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Edmund Pettus Bridge

US Highway 80, Selma, AL
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Ranked #3 of 12 attractions in Selma
Type: Historic Sites, Bridges, Landmarks/ Points of Interest
Traveler Description: On “Bloody Sunday” March 7, 1965 , 600 protesters gathered in Selma . They were going to march for their rights on U.S 80 to the state capital in... more »
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26 reviews from our community

Visitor rating
Date | Rating
  • English first
  • Any
English first
Senior Reviewer
10 reviews 10 reviews
2 helpful votes 2 helpful votes
4 of 5 stars Reviewed July 10, 2014

I am disappointed that this bridge was not important enough to close it and make it a memorial . Never the less it was so touching to just imagine that hundreds of individuals loss their life fighting for my right to be able to vote today! We also visited the Civil rights museum at the bottom of the bridge and... More

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Lawton, Oklahoma
3 reviews 3 reviews
4 of 5 stars Reviewed June 8, 2014

The last two years on our return trip from Georgia, my wife and I always take time to view the bridge. There are so many opportunities to view and ponder its significance in '67.

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Brier, Washington
Top Contributor
63 reviews 63 reviews
38 attraction reviews
25 helpful votes 25 helpful votes
4 of 5 stars Reviewed April 28, 2014

It is a bridge, so there is not much to say there. But its significance it enormous. Just walking across it was a moving experience.

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Nashville, Tennessee
Top Contributor
95 reviews 95 reviews
88 attraction reviews
50 helpful votes 50 helpful votes
4 of 5 stars Reviewed April 26, 2014

No matter your view on the events of this bridge it is a piece of our history and worth a visit. There is a place to park on your way into the city to the side as you approach the bridge with a memorial present. Across the street from the bridge on the city side is a national park visitor... More

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Phoenix, Arizona
Senior Contributor
34 reviews 34 reviews
14 attraction reviews
17 helpful votes 17 helpful votes
3 of 5 stars Reviewed December 31, 2013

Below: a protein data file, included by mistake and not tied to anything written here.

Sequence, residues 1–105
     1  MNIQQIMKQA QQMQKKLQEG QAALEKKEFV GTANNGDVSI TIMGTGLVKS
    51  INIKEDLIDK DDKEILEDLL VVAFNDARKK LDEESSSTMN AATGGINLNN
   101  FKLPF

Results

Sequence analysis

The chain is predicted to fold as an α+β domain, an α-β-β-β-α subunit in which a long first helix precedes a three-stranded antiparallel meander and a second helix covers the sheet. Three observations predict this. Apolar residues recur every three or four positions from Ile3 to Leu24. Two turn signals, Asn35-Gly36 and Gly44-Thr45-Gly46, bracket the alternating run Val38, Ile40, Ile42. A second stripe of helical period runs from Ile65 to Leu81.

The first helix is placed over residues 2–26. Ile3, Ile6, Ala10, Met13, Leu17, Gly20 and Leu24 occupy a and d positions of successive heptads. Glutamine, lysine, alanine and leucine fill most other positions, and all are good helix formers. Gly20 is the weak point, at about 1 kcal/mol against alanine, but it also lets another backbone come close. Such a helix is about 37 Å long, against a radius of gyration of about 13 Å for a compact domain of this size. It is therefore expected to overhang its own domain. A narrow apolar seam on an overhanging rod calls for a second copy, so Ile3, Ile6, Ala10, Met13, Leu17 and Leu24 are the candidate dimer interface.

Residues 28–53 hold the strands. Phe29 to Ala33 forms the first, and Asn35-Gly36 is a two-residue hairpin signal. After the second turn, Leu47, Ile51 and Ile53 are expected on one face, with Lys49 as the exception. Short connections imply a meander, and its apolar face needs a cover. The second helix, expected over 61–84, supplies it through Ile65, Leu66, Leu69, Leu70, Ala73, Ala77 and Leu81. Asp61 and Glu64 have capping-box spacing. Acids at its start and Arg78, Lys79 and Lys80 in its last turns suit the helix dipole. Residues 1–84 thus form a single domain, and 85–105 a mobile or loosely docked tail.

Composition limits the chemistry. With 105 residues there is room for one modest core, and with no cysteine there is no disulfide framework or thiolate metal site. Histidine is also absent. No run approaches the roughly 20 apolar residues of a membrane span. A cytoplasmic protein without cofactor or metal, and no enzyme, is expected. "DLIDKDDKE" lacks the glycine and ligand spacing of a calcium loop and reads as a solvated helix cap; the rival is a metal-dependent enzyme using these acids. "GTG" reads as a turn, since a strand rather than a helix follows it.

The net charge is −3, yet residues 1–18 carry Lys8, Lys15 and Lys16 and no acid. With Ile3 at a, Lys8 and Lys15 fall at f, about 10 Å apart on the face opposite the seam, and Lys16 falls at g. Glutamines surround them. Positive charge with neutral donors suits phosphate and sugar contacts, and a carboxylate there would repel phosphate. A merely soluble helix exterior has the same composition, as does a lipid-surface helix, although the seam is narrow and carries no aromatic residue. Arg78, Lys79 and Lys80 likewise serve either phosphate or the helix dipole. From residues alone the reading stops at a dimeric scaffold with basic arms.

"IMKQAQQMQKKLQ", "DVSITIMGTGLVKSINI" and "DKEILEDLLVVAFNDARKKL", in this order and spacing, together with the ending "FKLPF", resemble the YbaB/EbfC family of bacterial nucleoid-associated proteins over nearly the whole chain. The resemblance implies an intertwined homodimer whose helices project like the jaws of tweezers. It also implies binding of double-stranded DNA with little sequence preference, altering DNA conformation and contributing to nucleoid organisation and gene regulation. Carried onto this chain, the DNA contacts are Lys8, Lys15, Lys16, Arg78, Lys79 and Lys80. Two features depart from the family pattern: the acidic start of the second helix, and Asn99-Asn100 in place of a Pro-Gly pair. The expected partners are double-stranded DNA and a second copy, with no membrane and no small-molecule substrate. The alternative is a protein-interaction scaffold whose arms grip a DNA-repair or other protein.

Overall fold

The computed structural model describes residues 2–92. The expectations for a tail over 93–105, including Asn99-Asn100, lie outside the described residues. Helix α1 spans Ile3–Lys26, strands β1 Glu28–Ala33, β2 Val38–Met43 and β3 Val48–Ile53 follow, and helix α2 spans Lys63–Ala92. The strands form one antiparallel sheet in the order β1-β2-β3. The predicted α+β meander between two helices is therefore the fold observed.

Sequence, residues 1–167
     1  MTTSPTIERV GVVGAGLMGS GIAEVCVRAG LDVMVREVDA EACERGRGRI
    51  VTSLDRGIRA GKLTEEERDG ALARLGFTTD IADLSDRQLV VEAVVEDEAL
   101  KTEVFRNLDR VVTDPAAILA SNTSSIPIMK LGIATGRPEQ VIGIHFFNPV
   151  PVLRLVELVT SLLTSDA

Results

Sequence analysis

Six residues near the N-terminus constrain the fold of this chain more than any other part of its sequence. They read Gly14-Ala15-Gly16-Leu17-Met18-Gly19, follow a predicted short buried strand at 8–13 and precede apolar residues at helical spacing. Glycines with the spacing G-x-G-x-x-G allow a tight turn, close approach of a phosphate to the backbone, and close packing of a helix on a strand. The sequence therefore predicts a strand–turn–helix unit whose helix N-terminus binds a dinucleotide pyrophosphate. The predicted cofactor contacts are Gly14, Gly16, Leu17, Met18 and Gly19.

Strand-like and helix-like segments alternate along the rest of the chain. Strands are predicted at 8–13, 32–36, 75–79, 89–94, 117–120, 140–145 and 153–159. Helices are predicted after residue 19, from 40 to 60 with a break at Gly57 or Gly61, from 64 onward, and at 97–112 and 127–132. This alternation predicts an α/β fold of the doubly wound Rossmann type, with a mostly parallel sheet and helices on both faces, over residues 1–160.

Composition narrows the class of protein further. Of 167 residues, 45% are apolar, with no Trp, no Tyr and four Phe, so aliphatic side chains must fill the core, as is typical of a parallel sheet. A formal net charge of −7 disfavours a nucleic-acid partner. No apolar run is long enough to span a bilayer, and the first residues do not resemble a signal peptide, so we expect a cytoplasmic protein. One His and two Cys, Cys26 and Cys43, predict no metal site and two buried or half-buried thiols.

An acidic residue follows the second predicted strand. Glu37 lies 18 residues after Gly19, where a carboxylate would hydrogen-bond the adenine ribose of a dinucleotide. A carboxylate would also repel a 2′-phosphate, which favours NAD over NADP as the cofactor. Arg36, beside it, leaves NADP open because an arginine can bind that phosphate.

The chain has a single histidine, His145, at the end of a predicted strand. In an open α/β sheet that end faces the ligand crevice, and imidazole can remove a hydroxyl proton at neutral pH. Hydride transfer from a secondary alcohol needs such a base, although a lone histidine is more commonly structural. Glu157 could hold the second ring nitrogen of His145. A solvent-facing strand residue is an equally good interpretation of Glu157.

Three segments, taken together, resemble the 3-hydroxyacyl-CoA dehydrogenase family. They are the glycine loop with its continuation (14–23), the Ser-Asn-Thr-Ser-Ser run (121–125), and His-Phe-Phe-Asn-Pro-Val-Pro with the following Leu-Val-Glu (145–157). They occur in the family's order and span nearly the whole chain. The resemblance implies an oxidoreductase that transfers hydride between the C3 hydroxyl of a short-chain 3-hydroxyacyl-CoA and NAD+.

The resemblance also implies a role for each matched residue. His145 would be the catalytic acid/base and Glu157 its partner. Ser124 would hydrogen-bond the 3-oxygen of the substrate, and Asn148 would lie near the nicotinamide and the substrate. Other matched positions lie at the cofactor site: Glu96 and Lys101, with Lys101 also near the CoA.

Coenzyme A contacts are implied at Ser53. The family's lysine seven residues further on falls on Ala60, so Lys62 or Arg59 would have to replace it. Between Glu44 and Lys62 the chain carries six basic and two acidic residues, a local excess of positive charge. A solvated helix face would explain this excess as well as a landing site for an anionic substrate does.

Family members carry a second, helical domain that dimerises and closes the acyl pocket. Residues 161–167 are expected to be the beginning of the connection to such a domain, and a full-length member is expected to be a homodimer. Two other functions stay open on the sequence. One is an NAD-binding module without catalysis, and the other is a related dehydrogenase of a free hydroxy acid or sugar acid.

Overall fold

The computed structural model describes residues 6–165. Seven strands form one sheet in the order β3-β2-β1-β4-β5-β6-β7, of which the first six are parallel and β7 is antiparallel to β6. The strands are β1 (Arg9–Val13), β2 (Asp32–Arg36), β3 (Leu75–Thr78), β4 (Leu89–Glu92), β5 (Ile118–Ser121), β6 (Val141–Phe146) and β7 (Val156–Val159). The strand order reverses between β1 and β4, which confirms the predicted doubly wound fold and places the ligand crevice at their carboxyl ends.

What can you say, to see where history was made, where our mother, fathers, sister, bothers, aunts, uncles, grand parent, crossed to face police brutality, dogs, water hose. all for the cause of Freedom and the right that other take for granted. I have to say, visiting Selma is like time stood still, you will feel as if you were... More

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Champaign, United States
4 reviews 4 reviews
4 helpful votes 4 helpful votes
4 of 5 stars Reviewed October 16, 2013

I see that the bridge is still being well maintained and in some circles the bridge is known as "THE BRIDGE OF BLOODY SUNDAY."

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New York City, New York
Top Contributor
64 reviews 64 reviews
26 attraction reviews
26 helpful votes 26 helpful votes
5 of 5 stars Reviewed September 9, 2013

This bridge has bad mana - when I stopped in Selma I knew I had seen the bridge before, but couldn't place why it had made me feel so uneasy. The historic marker told me why, this is the site of the Bloody Sunday attack in March 1965 when cops beat the civil rights marchers. I had seen pictures and... More

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Selma, Alabama, United States
5 reviews 5 reviews
3 helpful votes 3 helpful votes
5 of 5 stars Reviewed July 29, 2013

The Edmund Pettus Bridge is the symbol for Selma--much like the Statue of Liberty is for New York City or the Coliseum is for Rome. It is not only historic but is a beautiful structure. The bridge at sunset is extraordinary and there are numerous places along the Alabama River that are a photographer's dream for great pictures of the... More

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Selma, Alabama
1 review
5 of 5 stars Reviewed May 31, 2013

i live here in selma.and i can tell you it sucks the history is amazing but there is nothing at all to do here.i am a white 24 year old ive lived here for the most part of my life.and there is some race problems here and murders good god there was one under the edmund pettus this past weekend... More

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San Diego
Top Contributor
151 reviews 151 reviews
50 attraction reviews
76 helpful votes 76 helpful votes
4 of 5 stars Reviewed May 26, 2013

Not much to do here but it seemed important to make the visit and be at the place of such a violent struggle for civil rights. The interpretive center is staffed by well informed rangers that can fill out your appreciation for what happened here. To me, this is a significant place to help understand an important event in our... More

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